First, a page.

Friday, February 2, 2007


When I first walked into an Al-Anon meeting, I wasn't sure what to expect. I was at a very low point emotionally and knew that I needed to get some help. They say in AA that you have to hit bottom before you recognize the problem and get with the program, or else you die. I guess you can say that I had pretty much hit bottom emotionally. I felt empty and tired of everything. I had pushed myself to work, do chores, and keep life moving along by sheer determination. My "qualifier" and SO wasn't getting any better in spite of hollow promises and all the guilt that alcoholics dispense.

I used to believe those promises and did think that things would change. The guilt would make things better for awhile and then it was back to drinks every night. Thankfully, my SO has a good job, functions very effectively at work and has never squandered money. Just because one isn't boozed to the max every day doesn't lessen the pain of the person who is living with the results of the disease. The outrageous moods, the "dry drunk" anger and frustration, the verbal abuse were all things that wore me down. I gradually got to the point that I not only fell out of love with the person but hadn't a clue how to love myself either.

So after a particularly bad weekend, I talked to a friend who has been in AA recovery for a long time and opened up about my life. My friend told me that it sounded as if I needed to go to an Al-Anon meeting. At that point, I was thinking that I had poked myself in the eye with a sharp stick long enough so what was there to lose by going to a meeting? I got the information on local meetings from the web and eventually found one that would be occuring that day.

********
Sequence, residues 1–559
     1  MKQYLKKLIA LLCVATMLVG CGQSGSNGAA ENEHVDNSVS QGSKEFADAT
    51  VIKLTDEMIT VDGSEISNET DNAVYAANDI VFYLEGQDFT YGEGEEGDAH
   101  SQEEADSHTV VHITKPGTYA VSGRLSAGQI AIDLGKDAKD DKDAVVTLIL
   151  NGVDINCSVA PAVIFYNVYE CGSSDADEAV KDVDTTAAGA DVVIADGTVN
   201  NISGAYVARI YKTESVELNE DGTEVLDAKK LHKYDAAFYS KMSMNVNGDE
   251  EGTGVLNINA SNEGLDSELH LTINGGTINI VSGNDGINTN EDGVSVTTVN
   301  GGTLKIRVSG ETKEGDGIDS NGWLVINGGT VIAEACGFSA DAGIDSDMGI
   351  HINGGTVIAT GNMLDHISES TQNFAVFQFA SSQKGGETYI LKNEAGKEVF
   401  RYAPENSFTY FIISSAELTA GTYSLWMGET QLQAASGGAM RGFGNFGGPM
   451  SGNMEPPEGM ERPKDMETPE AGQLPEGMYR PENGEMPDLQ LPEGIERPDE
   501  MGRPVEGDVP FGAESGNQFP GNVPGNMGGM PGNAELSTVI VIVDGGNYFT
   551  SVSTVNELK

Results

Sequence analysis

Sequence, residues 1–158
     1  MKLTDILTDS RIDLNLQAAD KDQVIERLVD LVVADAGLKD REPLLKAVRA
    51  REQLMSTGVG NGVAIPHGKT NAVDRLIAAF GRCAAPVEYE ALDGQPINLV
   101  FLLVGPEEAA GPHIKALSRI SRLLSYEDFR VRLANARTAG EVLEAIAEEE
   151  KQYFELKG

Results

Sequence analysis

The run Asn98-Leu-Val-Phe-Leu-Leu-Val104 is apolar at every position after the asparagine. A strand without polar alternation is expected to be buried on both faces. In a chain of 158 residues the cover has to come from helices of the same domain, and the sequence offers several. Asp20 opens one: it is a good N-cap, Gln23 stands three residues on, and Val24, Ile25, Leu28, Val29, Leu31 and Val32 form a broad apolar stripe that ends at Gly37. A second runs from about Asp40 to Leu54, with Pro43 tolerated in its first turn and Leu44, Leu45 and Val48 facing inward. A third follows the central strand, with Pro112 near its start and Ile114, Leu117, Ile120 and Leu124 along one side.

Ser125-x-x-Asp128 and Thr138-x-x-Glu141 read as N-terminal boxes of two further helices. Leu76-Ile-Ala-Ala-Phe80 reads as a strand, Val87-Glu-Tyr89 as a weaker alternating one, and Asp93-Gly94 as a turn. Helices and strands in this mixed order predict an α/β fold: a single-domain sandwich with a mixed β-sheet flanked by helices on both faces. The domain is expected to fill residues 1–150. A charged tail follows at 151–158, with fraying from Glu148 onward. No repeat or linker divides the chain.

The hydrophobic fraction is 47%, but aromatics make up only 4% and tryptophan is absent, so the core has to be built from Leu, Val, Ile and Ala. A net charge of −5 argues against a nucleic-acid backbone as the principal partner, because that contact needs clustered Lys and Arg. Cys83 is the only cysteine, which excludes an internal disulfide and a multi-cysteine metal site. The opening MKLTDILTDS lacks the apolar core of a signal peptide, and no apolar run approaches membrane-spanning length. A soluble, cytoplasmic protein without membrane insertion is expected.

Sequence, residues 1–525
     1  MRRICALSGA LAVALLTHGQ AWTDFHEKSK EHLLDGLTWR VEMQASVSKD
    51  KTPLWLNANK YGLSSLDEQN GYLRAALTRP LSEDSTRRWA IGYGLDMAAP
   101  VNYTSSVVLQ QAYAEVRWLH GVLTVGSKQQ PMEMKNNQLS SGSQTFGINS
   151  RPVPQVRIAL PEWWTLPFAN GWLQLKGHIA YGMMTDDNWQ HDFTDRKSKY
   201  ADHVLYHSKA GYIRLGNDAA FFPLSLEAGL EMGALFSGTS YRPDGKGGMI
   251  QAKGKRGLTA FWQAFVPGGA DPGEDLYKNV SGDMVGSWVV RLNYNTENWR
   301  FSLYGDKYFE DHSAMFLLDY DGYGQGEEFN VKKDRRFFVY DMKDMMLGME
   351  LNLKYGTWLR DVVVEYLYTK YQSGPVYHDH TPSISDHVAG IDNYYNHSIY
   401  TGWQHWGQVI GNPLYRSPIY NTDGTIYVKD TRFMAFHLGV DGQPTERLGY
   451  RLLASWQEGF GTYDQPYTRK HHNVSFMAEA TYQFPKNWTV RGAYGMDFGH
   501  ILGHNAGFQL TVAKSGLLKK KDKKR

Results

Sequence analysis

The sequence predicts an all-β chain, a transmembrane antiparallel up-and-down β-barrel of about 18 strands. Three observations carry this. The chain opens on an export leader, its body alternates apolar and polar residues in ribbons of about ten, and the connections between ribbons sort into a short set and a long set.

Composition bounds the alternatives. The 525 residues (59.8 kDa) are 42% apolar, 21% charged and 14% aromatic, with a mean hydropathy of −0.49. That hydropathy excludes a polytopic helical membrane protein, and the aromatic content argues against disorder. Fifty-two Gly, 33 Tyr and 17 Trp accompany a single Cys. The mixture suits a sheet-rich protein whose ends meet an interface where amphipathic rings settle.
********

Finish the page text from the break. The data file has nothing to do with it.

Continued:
You are virtually stripped emotionally when you walk into a meeting. I felt raw, edgy, and F.I.N.E. After opening with the serenity prayer and statements about the purpose of Al-Anon, everyone introduces themselves by first name. Meeting formats can vary a bit according to group dynamics. For instance, in some groups after you say your name, "Hi, I'm Syd", the entire group will shout "Hi Syd". Read Augustine Burroughs book Dry which has a pretty hilarious account of attending an AA meeting for the first time.

Since I was the "newcomer" that night, I got a chance to talk about what brought me there. I laid it out in graphic terms, keeping the focus on how I felt which at that time was bad. After my introductory remarks, a topic was introduced by the chairperson and everyone then got a chance to "share" if they wished. The cool thing about meetings is there isn't any cross-talk so each person gets to have their say if they wish and everyone else keeps quiet and listens. What I heard was amazing. There were people who were living with all kinds of degrees of alcoholism. Some had children who were dual addicted, some had abusive spouses, some had "qualifiers" in recovery but had been working for years to gain their own sanity and serenity. A great thing about Al-Anon is that there are people at meetings who have felt what you feel and who have seen how devastating the effects of alchohol can be on the family and friends of the alcoholic. I knew that I was in the right place at last.

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